There are several things that are very clear from looking at this. First off, the front (below) looks almost exactly like a gore. I was especially awed by just how nice the waist curve is. It brought a little tear to my eye, actually. The back gore is weird. (I’ve based my piecing on Arnold’s diagram on pg 196 of Queen Elizabeth’s Wardrobe Unlock’d.)
The second thing I get out of this is that period tailors knew how to properly hem a gored skirt. It’s just sort of assumed here. Alcega has drawn surprisingly faithful curves for the waist and hem on the front panel, and the hem on the back panel, but the gores are basically left as an exercise for the reader.
In the interest of fairness, the only real information we have on the right way to arrange the pieces is Alcega’s instructions, and the only thing they really tell us about how the pieces go together is,
“Note that the front godets are to be joined straight edge with straight edge, whearas the back godets are to be joined bias edge with straight edge. Hence, there will be no bias edge on the sides of the farthingale, nor will it protrude on any side.”
There are, in fact, three layouts that join the front panel and gore (“godet” in the translation and cuchillos in the original folio) on the straight while joining a back panel to the bias side of a back gore.
The third possibility is the piecing arrangement used in The Tudor Tailor (Mikhaila and Malcolm-Davies, 2006), so I take no credit for original thinking here.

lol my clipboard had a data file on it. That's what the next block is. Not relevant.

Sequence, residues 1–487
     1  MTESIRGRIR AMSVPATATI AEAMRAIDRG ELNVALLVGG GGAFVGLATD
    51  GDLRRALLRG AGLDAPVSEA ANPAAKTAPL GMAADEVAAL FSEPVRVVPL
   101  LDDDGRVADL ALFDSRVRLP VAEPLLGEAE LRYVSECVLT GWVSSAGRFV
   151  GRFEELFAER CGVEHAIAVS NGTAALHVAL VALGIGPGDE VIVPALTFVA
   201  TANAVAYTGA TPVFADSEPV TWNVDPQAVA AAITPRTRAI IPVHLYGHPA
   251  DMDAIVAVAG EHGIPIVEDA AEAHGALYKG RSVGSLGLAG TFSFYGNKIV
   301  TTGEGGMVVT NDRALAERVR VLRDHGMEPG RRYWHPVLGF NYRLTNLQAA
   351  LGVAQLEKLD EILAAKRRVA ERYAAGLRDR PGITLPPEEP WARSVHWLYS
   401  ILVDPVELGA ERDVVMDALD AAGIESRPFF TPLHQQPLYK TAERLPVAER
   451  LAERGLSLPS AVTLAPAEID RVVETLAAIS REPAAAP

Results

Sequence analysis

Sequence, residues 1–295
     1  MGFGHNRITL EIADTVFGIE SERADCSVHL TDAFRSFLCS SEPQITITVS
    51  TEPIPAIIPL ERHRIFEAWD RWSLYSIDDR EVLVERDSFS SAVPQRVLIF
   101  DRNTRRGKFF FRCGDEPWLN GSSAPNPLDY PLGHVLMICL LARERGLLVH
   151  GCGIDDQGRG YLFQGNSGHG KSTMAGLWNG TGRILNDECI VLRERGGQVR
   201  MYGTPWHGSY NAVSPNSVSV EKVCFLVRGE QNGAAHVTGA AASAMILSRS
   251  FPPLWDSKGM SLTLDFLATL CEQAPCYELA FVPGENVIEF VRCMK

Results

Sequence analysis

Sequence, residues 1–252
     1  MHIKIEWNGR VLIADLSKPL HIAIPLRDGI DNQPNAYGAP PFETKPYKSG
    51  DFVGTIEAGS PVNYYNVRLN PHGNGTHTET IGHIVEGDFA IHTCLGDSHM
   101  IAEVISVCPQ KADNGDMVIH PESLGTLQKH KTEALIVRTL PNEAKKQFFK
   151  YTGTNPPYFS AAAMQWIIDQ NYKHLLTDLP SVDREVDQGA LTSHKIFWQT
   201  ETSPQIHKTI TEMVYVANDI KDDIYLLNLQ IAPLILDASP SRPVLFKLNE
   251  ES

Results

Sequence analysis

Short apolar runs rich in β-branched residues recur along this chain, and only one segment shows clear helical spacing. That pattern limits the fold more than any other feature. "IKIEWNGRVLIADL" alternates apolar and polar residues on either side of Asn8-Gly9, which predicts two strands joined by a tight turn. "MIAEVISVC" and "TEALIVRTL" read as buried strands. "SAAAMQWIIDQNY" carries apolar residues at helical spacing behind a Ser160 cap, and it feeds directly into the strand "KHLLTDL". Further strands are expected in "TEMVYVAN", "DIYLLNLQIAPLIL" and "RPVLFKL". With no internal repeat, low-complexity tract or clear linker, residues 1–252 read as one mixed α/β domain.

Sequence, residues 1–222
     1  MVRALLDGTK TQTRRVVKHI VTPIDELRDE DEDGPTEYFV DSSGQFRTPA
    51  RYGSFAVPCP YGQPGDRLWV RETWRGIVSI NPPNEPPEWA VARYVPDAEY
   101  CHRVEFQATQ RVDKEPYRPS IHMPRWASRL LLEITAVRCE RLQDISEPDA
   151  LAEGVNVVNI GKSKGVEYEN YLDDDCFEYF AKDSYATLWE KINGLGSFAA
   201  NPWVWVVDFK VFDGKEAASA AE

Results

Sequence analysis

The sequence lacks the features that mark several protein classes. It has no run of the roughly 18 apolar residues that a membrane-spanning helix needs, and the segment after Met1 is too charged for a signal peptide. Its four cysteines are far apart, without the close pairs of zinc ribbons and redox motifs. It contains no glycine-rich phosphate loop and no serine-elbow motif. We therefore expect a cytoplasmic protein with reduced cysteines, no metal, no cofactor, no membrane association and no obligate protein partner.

I have done a small amount of tweaking to provide a proper hem line, and smooth out some of the awkward angles that result from joining up the back pieces. Here are the resulting skirts:
I like the piecing and layout of the first mockup best, but the first and third both seem to work well straight out of the box (or off the page, as it were). The second seems critically flawed. It is worth noting that in any case, the top of the skirt should be pleated or gathered down – it is disproportionally large right now.
One particularly interesting trend that shows up in the first and third mockups is the difference in the distribution of fabric in the completed front and back panels at the waist compared the the hem. Oh, hey, wow, that sentence was a doosey… Sorry. Too much time in college. What I mean is this:
At the hem of the skirt, there’s roughly the same amount of fabric at the front and the back. At the waist of the skirt, there’s far more fabric in the back panel than the front – almost a 7:4 ratio. When pleated down, this will pull a lot of the farthingale to the back of the wearer. (Is it enough to compensate for the weight of skirts pushing the farthingale forward? I’ve no idea. I haven’t started those experiments yet!)
Next: How Accurate is the Alcega Drawing?